In opera we have a good example in Michael Sylvester. A pharyngeal voice. Paul Austin Kelly too. There are others. The KING of them all is Andrea Bocelli. Its a totally non-resonating sound (which keeps the voice small and in need of microphones). In addition, this guy is a terrible musician. He is approximate with note values, with phrasing and with dynamics. If it looks like a pop singer, talks like a pop singer and sings like a pop singer then it must be a POP SINGER.

I have nothing against the guy making a living. I have nothing against people enjoying it, but don't we HAVE to keep our critical radar working? Isn't it important to not blur the line between these different schools? Don't we owe it to ourselves and the art form to grab our standards by the bootstraps and pull them up as high as they will go? Shouldn't we be diligent in NOT letting ourselves be brainwashed by the endless barrage of PR that comes from the record studios and PBS among others?

I saw American Ballet Theater a few months ago. They presented an evening of pas de deux with what we were told were the great dancers of today. These were supposedly dancers in the tradition of Barishnikov and Marakova to name two. I was doubtful, having been raised on the ABT of 78 to 84. So many giants then, but guess what? These dancers were incredible. It was one of my great nights at the ballet. I thought to myself, "What does the ballet world do that opera doesn't? How do they keep the tradition together, the standards level, the teaching and audience of a high quality?"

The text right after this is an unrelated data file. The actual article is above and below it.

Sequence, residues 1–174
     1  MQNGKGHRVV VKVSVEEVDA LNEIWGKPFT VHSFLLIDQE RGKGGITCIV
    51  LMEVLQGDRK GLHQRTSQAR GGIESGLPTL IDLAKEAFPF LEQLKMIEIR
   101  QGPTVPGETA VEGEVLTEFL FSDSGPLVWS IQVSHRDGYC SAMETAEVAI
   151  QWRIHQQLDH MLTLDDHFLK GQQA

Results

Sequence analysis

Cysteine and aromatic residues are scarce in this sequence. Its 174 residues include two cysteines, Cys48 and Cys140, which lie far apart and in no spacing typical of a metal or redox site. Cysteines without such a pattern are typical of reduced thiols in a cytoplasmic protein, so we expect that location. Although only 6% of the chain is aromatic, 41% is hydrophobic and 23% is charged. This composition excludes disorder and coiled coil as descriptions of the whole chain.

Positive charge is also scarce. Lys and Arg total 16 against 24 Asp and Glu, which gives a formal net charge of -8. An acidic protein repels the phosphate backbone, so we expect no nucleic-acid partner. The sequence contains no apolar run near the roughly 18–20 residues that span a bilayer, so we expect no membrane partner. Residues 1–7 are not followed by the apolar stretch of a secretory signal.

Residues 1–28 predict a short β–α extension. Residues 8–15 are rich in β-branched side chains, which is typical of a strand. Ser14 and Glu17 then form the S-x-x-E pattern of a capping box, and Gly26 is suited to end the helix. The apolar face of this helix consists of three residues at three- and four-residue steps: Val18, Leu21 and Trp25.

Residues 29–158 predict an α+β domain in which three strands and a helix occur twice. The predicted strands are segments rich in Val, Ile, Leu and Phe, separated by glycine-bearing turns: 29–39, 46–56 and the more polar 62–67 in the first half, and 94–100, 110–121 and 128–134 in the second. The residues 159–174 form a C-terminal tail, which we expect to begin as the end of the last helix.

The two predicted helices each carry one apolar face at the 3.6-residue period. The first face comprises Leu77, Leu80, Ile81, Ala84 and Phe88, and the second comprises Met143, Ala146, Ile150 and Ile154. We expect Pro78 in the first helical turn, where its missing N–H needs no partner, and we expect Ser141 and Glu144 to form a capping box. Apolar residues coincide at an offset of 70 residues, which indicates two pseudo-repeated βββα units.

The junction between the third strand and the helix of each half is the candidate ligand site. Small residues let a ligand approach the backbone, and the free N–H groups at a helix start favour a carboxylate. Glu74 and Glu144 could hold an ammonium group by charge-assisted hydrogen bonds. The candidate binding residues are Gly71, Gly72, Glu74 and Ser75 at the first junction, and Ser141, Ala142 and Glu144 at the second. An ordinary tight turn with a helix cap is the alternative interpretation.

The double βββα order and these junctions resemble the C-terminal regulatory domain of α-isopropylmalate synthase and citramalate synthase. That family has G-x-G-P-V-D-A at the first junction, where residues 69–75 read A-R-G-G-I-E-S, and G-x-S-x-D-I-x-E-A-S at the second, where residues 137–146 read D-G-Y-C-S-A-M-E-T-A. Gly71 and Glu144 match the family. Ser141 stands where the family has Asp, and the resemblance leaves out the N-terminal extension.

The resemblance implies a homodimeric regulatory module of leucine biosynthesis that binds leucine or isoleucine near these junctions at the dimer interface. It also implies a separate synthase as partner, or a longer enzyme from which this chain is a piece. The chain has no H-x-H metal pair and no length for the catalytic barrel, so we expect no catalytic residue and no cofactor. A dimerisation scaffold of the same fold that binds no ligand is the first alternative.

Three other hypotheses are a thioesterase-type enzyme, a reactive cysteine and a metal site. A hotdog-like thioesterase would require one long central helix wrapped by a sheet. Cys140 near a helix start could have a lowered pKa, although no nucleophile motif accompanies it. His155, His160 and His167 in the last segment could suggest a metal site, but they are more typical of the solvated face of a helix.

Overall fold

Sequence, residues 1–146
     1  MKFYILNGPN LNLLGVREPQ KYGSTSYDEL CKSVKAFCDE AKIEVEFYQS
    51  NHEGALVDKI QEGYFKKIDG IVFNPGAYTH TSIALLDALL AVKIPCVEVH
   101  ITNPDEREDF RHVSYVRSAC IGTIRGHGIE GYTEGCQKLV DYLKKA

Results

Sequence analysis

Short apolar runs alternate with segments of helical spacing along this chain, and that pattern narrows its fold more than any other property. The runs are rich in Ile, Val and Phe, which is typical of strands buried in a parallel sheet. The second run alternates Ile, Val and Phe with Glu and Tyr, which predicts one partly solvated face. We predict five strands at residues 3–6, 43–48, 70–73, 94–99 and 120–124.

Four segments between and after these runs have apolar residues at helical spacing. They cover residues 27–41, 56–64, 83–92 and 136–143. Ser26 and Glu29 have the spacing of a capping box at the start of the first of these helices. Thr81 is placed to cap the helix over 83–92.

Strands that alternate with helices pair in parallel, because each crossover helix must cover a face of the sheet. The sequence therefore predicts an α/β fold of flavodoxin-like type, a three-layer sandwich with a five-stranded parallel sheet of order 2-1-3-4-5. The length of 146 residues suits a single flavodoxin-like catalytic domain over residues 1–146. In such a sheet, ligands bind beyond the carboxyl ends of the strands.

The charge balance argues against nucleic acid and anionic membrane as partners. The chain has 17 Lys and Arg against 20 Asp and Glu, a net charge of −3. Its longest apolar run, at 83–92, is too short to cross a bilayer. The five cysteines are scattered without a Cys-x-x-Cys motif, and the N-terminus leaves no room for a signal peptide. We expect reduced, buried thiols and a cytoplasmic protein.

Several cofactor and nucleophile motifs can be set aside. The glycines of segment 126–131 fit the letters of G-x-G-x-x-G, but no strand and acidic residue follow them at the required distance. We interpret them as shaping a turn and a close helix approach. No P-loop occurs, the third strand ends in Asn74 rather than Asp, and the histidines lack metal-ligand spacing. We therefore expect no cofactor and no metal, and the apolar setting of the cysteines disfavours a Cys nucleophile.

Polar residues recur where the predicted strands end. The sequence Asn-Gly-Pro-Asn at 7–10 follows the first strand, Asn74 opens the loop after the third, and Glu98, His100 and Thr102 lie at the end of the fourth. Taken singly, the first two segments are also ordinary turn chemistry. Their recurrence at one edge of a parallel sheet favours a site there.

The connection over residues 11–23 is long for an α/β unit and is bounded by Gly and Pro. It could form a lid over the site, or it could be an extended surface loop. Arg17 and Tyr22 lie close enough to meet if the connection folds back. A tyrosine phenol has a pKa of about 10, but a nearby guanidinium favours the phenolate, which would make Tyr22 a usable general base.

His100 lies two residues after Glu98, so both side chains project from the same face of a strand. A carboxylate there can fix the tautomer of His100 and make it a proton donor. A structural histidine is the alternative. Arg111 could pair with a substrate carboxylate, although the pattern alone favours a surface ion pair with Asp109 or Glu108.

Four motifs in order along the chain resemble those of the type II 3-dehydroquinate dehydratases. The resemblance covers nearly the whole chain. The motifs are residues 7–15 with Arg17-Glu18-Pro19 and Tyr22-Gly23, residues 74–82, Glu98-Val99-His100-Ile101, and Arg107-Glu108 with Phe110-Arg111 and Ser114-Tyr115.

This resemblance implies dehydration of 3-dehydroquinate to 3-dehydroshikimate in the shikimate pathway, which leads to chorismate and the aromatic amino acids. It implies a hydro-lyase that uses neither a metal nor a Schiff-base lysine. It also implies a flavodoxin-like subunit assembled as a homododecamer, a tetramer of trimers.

I sure as heck don't think that opera does this. One singer after another crashes and burns. Now we have the Michael Bolton Aria album coming out... and who is on it? Fleming. An easy pay check but shame.

My point? Standards are gone. The simple qualities that were once demanded in schooling a singer are almost gone. It's probably just a matter of years until we have a Michael Bolton Pagliacci at the Met. Lines around the block and a huge worldwide audience. It will happen.

I expect to be called a snob. I expect to be told (as has happened in the past) to stick to my old records. Whatever. I'm worried though, really worried. It's all unraveling and those enjoying it SEEM to be those with the smallest background in listening and attending opera. The PR machines are counting on this.

In the early 80's those in power at the MET used to ask the question "How do we get Mr. and Mrs. Suburb to the opera?" Well folks, they did it and they are all watching endless pledge drives with Yanni and John Tesh. Yikes... I gotta go lighten up.

Dan Shaindlin

In an article published in Das Opernglas (April 1998) reprinting, in German, statements made by Bocelli during an interview for the promotion of his operatic CD for Philips, Bocelli is quoted as saying that: